1. Well, thank you for that. Hope you enjoy BEAU and all the other amazing stories in the collection.

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  5. Why a wolf mask? Is it a significant part of the story?

    Alisha Jordan
    alishajordan@gmail.com

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    Replies
    1. Oh, and I did facebook your blurb earlier, too.

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    2. Oh, it's very significant. I don't want to reveal too much, but the mask hides what befell one of the main characters and it also ties in with him wanting to be called, "Beast."

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  6. Hi Rick! Love the blurb and the excerpt. How did you develop Beau's character? You don't mention his physical "beauty" at all in the blurb or the excerpt, only his inner "beauty" in his talent. Most Beauty characters seem to fit a typical mold...dancer, model or even a rentboy! But Beau seems to break that mold.
    PS-congratulations to you & Bruce on your upcoming wedding, so very happy for you both!

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    1. If you read the story, you'll see there's a fuller description of Beau and he does, indeed, fit his name. He has hazel eyes and reddish hair, sort of an artsy allure.

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  7. Beauty and the Beast is my absolute favorite fairy tale! Many times authors create characters that have a little bit of them or their friends or family in them. Do Beast or Beau or any of the others in the story have a bit of you or who you know as their personality or gestures, etc?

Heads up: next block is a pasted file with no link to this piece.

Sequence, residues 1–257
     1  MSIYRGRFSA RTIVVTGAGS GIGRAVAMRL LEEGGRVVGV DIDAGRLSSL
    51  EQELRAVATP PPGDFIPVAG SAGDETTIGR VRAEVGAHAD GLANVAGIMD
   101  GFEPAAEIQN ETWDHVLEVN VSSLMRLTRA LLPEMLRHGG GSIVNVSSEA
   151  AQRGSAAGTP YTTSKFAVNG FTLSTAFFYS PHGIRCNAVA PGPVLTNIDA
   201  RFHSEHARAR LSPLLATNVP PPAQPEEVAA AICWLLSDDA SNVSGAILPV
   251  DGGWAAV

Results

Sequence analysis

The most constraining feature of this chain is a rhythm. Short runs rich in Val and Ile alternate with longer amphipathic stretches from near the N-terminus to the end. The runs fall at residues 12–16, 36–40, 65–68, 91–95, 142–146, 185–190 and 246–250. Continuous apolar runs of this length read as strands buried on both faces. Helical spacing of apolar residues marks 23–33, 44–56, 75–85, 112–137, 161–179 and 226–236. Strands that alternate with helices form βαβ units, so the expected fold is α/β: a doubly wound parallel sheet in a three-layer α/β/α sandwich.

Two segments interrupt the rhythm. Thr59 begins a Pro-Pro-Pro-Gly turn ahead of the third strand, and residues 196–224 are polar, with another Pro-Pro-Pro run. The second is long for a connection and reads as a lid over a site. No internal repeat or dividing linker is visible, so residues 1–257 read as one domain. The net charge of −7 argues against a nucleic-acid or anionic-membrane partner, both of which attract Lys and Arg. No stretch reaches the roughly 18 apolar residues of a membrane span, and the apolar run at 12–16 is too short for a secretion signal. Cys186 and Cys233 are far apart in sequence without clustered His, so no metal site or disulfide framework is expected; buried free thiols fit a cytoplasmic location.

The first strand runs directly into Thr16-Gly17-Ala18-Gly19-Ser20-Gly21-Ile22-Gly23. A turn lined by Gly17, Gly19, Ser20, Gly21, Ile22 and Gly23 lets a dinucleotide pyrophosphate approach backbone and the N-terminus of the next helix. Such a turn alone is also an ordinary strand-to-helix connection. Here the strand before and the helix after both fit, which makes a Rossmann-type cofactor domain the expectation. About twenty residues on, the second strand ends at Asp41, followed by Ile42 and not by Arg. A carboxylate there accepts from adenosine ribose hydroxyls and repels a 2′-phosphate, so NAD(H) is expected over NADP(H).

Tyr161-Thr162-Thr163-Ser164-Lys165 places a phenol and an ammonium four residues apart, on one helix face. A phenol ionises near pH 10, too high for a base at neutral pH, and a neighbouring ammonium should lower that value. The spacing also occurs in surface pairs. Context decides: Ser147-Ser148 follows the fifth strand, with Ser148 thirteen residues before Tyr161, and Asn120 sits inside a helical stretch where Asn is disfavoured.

penumbrareads(at)gmail(dot)com

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    1. I supsect there'a s little bit of myself in all of my characters. The one in this story who is most like me is Beau, because of his artistic sensibilities and way of seeing the world.

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  8. Sounds like a great book. Please count me in. Thanks!

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  9. Rick, is there more to your Beast than a tormented soul trapped in a hideous body? Is there anything inherently or intrinsically "beastly" about him, other than exterior concerns? I love reworked fairy tales; the originals had little to offer, but are transformed by new twists on the same old stuff.

    brendurbanist at gmail dot com

    ReplyDelete
    Replies
    1. First, it isn't his body that's affected--it's his face. I don't think there's anything intrinsically beastly about him. He's a very gentle soul--despite his appearance, and that's a point the whole tale turns upon.

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  10. Wow, I won :) Thank you so much, Rick! I'm looking forward to this.

    All the best,
    Susan